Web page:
Of course, we couldnt literally go it alone. We still needed customers to buy the power, financial backers, loan guarantees from the federal government and a way to get the power to market through other jurisdictions. No matter how you cut it, a co-operative not combative approach was needed.
Unfortunately, Danny Williams was not the man for the job. From that day forward, the project development process was characterized by name-calling and back-biting.
In September 2006, Williams used his typical approach of putting down others in an attempt to put himself in a better light.
The more we can spread out our energy supply means that we won't be totally dependent on Quebec for energy which, given the volatility of the politics in Quebec, could be a very, very sensitive situation in the years to come, Williams said. He apologized for the comment three weeks later, then retracted in the same breath by saying he was stating reality.
In July 2007, in an interview with The Independent, Williams said he wanted to bypass the Hydro Quebec power transmission route for all the obvious reasons. The reporter didnt ask what those reasons were, but presumably they had to do with historical resentments. This was odd, given that the Quebec route was the most logical and cost-effective means of getting power to market. It was a pointless comment, and not exactly diplomatic.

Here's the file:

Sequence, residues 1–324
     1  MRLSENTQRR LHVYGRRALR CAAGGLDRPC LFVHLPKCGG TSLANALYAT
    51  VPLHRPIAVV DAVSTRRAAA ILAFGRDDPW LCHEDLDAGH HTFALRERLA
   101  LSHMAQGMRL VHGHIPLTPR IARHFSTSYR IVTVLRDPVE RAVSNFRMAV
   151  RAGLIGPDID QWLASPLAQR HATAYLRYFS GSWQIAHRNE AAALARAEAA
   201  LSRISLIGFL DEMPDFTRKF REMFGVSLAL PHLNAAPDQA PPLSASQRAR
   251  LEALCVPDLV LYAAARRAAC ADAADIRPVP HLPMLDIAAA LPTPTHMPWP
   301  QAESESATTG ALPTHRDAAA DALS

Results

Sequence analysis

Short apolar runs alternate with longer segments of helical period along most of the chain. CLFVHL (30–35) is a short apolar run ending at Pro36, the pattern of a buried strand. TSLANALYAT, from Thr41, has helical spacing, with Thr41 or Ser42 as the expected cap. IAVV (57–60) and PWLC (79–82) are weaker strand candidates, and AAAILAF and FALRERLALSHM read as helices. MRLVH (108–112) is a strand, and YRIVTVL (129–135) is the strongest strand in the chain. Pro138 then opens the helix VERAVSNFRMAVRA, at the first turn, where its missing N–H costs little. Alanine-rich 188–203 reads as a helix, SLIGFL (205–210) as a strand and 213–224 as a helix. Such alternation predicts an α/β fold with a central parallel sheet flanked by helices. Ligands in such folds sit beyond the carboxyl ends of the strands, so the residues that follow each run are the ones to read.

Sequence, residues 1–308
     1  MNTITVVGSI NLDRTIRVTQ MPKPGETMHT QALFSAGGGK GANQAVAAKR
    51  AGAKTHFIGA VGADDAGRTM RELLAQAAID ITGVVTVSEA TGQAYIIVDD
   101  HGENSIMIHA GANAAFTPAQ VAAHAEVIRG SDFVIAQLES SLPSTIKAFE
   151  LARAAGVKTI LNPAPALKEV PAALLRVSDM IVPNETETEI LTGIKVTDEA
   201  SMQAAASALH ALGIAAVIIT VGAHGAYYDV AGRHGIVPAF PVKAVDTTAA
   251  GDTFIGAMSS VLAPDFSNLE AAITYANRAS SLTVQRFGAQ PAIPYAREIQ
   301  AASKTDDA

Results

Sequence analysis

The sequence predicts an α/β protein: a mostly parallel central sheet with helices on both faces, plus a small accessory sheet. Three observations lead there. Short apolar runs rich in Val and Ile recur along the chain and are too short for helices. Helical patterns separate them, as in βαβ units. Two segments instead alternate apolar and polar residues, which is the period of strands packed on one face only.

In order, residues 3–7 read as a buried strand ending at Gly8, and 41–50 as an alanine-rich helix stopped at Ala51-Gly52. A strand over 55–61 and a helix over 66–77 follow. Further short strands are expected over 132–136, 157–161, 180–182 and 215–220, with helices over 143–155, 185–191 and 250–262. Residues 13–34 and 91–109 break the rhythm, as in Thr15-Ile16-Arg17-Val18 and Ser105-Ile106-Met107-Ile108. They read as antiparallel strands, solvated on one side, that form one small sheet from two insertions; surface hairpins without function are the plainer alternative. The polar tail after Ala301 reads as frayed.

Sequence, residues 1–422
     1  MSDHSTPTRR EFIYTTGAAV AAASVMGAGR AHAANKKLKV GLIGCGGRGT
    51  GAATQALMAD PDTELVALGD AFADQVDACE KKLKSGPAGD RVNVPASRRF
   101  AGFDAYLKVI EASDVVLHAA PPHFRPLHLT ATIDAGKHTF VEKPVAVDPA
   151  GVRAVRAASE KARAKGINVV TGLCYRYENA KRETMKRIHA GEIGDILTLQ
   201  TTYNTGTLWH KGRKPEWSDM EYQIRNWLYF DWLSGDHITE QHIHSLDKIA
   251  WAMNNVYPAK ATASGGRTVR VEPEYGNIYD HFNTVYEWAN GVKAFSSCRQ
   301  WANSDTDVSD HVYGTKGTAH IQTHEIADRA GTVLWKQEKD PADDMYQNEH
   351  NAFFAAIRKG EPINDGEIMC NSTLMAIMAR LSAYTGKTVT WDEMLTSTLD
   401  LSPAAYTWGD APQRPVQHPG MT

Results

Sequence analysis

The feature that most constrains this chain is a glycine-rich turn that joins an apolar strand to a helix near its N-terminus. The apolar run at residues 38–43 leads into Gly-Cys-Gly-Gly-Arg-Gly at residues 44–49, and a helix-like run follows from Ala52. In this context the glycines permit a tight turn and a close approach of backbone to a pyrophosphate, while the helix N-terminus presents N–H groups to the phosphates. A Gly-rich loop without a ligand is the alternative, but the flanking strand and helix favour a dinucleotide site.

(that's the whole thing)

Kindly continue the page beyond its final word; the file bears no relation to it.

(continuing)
Have I missed other instances where Williams picked a fight on this matter, rather than built relationships? If you can add some, please comment below. (But please limit comments to this specific issue; there isn't space to list all the premier's insults, attacks and outbursts.)
Then there are the attacks he made last month on New Brunswick, which were ill-considered and patronizing, given his own musings on selling Nalcor as recently as 2008.
Last week on VOCM Open Line, Williams described Quebec Premier Jean Charest as a friend, which might be a good relationship to maintain, given recent developments. Alas, he has burned that bridge too.
First, there was Williamss comment that, over my dead body am I going to hand this over to Jean Charest in Quebec, which was odd, given no one is asking him to do such a thing. The situation is far more complex than that.
And then, last Thursday, there was this report from CBC Radio-Canadas Telejournal program: